The fifth round is where things start to get fun and helps separate the cream of the crop when it comes to team scouting departments. For the most part, there is an overall consensus for the first couple of rounds on talented players, but once you get outside of that top 100 list of players, it's a crapshoot. This is where you truly start to find your goldmines hidden beneath 30 pounds of dirt. Players like Trent Cole and Brent Celek were both players taken in the fifth round by the Eagles, and both have panned out tremendously even though Celek had a down year.

    Eagles fans have been clamoring for a “big back” ever since Duce Staley took his talents to Pittsburgh and ended up putting on more pounds than touchdowns. Dion Lewis is anything but that coming in at a miniscule, Darren Sproles-esque 5’6” and under 200 pounds. For the better part of the new millennium, this is how Reid has preferred his running backs to be. Whether it’s Brian Westbrook, Ryan Moats, Lorenzo Booker, Correll Buckhalter, or LeSean McCoy, he’s always preferred the smaller, shiftier backs that can catch out of the backfield and pass protect.

    With that said though, Lewis doesn’t necessarily play as small as his build. He finished fourth overall out of all the running backs at the combine in Bench Press throwing up 225 pounds 17 times. It’s even been reported that he can rack up 400 pounds. Man muscles!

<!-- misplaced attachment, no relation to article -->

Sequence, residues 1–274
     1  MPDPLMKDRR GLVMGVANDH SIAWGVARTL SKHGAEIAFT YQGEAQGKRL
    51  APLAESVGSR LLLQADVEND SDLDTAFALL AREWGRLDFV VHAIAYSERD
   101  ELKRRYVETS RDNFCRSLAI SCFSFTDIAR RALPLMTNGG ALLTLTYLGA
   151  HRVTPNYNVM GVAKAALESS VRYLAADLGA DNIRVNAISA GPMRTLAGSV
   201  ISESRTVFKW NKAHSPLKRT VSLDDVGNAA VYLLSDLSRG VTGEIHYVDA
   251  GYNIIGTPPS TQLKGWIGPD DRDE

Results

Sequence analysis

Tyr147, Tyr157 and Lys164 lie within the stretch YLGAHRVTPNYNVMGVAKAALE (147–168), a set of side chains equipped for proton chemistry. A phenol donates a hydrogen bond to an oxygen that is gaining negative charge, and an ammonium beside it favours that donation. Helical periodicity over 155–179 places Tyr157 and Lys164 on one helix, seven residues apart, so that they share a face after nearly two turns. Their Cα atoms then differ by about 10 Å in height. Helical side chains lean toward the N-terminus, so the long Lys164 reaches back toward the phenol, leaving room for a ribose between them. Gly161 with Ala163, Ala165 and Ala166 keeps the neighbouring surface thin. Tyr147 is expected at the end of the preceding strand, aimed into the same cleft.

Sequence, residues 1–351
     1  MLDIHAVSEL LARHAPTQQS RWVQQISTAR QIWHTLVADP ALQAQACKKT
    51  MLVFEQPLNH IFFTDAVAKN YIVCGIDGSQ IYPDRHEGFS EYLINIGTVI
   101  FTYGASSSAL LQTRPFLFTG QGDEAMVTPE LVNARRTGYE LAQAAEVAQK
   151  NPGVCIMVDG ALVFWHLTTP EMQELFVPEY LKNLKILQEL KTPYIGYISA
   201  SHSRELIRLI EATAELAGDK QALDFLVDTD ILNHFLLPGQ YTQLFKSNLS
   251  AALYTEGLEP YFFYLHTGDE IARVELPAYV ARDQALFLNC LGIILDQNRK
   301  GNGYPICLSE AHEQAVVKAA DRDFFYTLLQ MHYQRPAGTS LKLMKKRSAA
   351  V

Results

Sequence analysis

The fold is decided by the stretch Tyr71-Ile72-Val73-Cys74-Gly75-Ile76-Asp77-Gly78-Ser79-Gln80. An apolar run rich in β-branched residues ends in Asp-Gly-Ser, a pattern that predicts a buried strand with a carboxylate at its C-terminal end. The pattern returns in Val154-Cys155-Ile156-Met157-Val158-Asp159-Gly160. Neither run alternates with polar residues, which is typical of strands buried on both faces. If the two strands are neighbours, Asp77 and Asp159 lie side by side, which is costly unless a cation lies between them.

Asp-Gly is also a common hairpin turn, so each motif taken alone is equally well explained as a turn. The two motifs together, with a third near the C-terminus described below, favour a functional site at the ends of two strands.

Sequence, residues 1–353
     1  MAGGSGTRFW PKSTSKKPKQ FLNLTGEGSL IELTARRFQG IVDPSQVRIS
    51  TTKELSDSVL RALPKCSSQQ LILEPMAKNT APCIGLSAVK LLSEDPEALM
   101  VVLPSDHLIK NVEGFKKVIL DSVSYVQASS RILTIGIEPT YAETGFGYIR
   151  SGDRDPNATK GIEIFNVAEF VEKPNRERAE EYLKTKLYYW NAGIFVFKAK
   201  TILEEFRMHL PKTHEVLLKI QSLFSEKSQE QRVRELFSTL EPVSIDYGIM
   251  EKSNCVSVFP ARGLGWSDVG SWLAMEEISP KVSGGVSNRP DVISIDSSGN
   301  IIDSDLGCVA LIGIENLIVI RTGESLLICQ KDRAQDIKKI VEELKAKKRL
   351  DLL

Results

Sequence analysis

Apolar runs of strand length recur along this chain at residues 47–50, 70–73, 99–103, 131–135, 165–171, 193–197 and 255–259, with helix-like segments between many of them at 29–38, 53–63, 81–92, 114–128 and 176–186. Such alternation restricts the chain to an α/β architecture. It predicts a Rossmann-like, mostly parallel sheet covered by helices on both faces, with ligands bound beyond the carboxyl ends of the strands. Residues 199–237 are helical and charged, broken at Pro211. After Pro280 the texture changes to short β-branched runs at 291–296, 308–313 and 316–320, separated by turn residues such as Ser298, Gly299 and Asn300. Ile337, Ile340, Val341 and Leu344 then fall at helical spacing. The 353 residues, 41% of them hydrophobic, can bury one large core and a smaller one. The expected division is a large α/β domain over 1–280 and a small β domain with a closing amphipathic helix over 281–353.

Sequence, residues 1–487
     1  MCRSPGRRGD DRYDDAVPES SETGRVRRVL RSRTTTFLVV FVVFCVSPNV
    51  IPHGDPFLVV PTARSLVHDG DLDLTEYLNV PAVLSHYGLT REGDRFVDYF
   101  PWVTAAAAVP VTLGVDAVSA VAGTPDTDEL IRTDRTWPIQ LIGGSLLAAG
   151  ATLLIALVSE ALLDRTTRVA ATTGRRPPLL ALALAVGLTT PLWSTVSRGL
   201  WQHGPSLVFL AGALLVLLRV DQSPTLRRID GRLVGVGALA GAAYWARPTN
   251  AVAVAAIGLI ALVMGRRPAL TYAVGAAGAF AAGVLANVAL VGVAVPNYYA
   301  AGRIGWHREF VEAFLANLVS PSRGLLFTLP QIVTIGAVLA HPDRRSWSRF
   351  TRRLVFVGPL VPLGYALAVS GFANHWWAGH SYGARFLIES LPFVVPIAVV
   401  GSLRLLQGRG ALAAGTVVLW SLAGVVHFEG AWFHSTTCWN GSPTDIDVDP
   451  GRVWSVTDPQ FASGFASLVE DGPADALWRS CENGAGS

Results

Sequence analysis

With the future of incumbent backup Jerome Harrison up in the air, we could be looking at an all Pittsburgh backfield between LeSean McCoy and now Dion Lewis. Panthers represent! For what it’s worth, Lewis actually outperformed McCoy at Pittsburgh and McCoy seems to be on the right path to being a top running back in this league. 

    I'm hoping that Lewis can provide the lightning to LeSean McCoy's, well, lightning for years to come. We all know that lightning is what kills, not thunder. 

Round 5 Pick 161: Julian Vandervelde, OL, Iowa

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    Andy Reid loves him his crop of offensive lineman. You can never have enough linemen in the school of Reid and he proved that with his next two selections. Vandervelde might find some trouble cracking the roster between his less than ideal size and short arms, but he did find himself in a zone blocking scheme that can transition to the NFL with Kirk Ferentz at Iowa.

    If anything, Vandervelde will serve as a suitable backup behind Todd Herremans and hopefully first round pick Danny Watkins. 

Round 6 Pick 191: Jason Kelce, C, Cincinnati